Recent Articles

  • Rio Azul – Lost Maya City – Part III
    Rio Azul – Lost Maya City – Part III
    The robbed burials of Tomb 12 that were discovered in 1985 lay beneath the highest temple complex, there were glyphs found on the walls that referred to the four chief directions in accurate orientation. A blue colored vessel was found that was considered to be a grave offering or a gift from Rio Azul ruler that is placed in the Detroit Institute of Arts. Also unravelled was the most ancient kind of discovery was a four inch high Maya statuette sculpted in a form of a whistle about 1,500years ago in an untouched burial of Tomb 23 and may depict the buried noble. A glyph found on a pot from a companion burial Tomb 19 depicts the riverside city. A 1,500 year old skeletal remains of a tall Mayan along with precious artefacts were uncovered from Tomb 19. Valuable items were mostly concealed in memorial caches amounting to thirteen in  [...]
    Posted at August 3rd, 2009 at 08:08 am
  • Guernsey Islands – A Traveller’s Paradise – Part I
    Guernsey Islands – A Traveller’s Paradise – Part I
    Guernsey is an undoubtedly convivial place with temperate climate, splendid vistas, twenty-five immaculate sandy beaches and plentiful historically significant places. Several top rated beaches on Guernsey are in close proximity to St. Peter Port, the capital loaded with its 17th century old fashioned charm mounting regally from the scenic harbour to maintain a watchful eye on Guernsey’s close by Sark, Jethou and Herm islands. Sauntering its streets one can unearth a mammon of autonomous vendors presenting a wide assortment of clothing, ornaments and relics at exciting prices due to its lower excise duty rates in comparison to the UK. The bays of Havelet and the rocky Belle Greve are considered in high esteem for their stunning views. Havelet is located close to the briny open tidal pools of La Valetta, built in the 19th century  [...]
    Posted at August 2nd, 2009 at 09:08 pm
  • Rio Azul – Lost Maya City – Part II
    Rio Azul – Lost Maya City – Part II
    The premier national park in Guatemala, the Tikal National Park has a site that is the world’s first UNESCO World Heritage Monument. Tikal, a big Mayan city encircled by immaculate Tropical Forests started being inhabited between 800 B.C.-900A.D. Rio Azul donned a crucial role in the Tikal’s expansion and was its significant ally against its bitter rival, Calakmul. However, by A.D. 530, the unexpected happened with Calakmul attacking Rio Azul. In the Late Classic period, Tikal got back its past grandeur and Rio Azul’s populace grew yet again with new monuments being built. Though Tikal spans 112 sq.kms of which, a mere 16 sq.kms has been recorded and as many as 4000 structures been found till date. The Tomb 1 that was bore the ravages of the looters has intricately woven mat designs at the entrance that was an indicator of  [...]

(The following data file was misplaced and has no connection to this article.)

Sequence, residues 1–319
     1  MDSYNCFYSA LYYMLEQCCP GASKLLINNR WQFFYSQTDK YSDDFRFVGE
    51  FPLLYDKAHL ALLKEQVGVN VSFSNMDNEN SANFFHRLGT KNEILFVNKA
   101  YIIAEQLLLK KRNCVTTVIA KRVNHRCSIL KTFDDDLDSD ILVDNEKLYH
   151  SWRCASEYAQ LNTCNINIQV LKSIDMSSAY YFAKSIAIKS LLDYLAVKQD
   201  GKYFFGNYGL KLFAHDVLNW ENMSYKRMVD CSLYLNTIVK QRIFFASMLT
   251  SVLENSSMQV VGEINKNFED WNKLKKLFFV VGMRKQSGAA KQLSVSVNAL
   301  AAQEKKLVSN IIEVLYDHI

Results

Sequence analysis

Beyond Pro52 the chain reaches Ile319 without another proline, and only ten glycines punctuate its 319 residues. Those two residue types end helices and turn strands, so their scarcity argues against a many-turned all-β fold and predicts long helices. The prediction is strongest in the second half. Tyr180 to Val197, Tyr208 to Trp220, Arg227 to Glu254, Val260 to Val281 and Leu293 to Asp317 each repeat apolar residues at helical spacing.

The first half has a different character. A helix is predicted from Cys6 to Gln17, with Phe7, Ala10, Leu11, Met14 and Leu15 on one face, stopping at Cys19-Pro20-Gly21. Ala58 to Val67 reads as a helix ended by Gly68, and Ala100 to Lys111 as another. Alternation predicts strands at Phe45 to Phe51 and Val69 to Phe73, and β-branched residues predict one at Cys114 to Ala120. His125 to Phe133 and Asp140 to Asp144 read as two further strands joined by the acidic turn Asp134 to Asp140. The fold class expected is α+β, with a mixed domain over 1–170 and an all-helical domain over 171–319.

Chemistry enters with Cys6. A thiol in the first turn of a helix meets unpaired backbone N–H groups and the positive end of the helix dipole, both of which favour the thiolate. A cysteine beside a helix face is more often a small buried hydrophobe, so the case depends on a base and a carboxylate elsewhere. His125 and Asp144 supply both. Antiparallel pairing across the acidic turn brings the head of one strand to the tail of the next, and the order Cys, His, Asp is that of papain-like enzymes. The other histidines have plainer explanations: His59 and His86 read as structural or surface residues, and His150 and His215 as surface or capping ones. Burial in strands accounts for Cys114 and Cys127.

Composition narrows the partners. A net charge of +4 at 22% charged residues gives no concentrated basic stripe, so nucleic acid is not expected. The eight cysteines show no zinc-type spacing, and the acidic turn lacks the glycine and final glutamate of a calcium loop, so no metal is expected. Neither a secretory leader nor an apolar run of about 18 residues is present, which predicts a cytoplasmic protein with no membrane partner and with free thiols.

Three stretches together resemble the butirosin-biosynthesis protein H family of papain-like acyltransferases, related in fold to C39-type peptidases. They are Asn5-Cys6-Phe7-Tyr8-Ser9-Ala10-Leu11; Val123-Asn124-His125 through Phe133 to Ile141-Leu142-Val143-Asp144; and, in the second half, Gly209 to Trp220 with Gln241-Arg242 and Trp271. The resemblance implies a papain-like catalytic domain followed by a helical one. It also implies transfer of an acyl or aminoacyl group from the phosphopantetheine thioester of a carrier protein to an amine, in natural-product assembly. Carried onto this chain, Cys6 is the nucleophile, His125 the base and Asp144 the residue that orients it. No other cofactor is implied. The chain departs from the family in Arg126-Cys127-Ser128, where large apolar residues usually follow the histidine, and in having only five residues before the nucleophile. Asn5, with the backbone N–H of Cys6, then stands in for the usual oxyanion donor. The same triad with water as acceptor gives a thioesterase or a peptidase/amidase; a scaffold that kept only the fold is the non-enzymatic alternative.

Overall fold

Posted at July 31st, 2009 at 11:07 am
  • Guide to South America
    Guide to South America
    South America Introduction & History Around 70,000 years ago, the foremost traits of human occupancy in South America occurred when they moved from Asia passing the Bering Land Bridge and eventual spanned all areas of the continent as they made their way southwards. Widespread farming activities have been recorded in the Amazon Basin from 2000 BC, with animal husbandry becoming prevalent in 3500 BC in Andes and close by regions. There were many upcoming civilizations that sprung up like the Canaris, the Norte Chico, Amazon, Cara Supe, Chavin, Moche of which Inca also called the land of the four regions was the significantly urbane. Christopher Columbus’s momentous, incomprehensible discovery of the Caribbean islands en route to seeking new-fangled ways to reach Asia- the esteemed spice paradise, finally did led him to his coveted  [...]
    Posted at July 29th, 2009 at 06:07 pm
  • Rio Azul – Lost Maya City – Part I
    Rio Azul – Lost Maya City – Part I
    The magnificent ancient Maya City of Rio Azul located in north-east Guatemala spans a 750acres area with a long lost history that has been analysed and unearthed in 1962. The realm of Maya spread across 1,00,000 sq.miles and raised many vast centers in present day Mexico, Guatemala ,Belize, Honduras and El Salvador. The great Maya civilization to which Rio Azul belonged developed in the period between 250 B.C. to A.D. 250. Rio Azul, the administrative centre which at its peak in the eight century A.D. numbered close to 3,500 and another 1,500 in the north east suburb comprised mostly of noble military families along with their assistants, servers and retainers. The classic Mayans maintained articulately controlled landscapes, cultivated fields and water filled canals. They would drain swamps for cultivating crops like beans, corn  [...]
    Posted at July 29th, 2009 at 08:07 am
  • Incredible Cities Of Germany – Part-II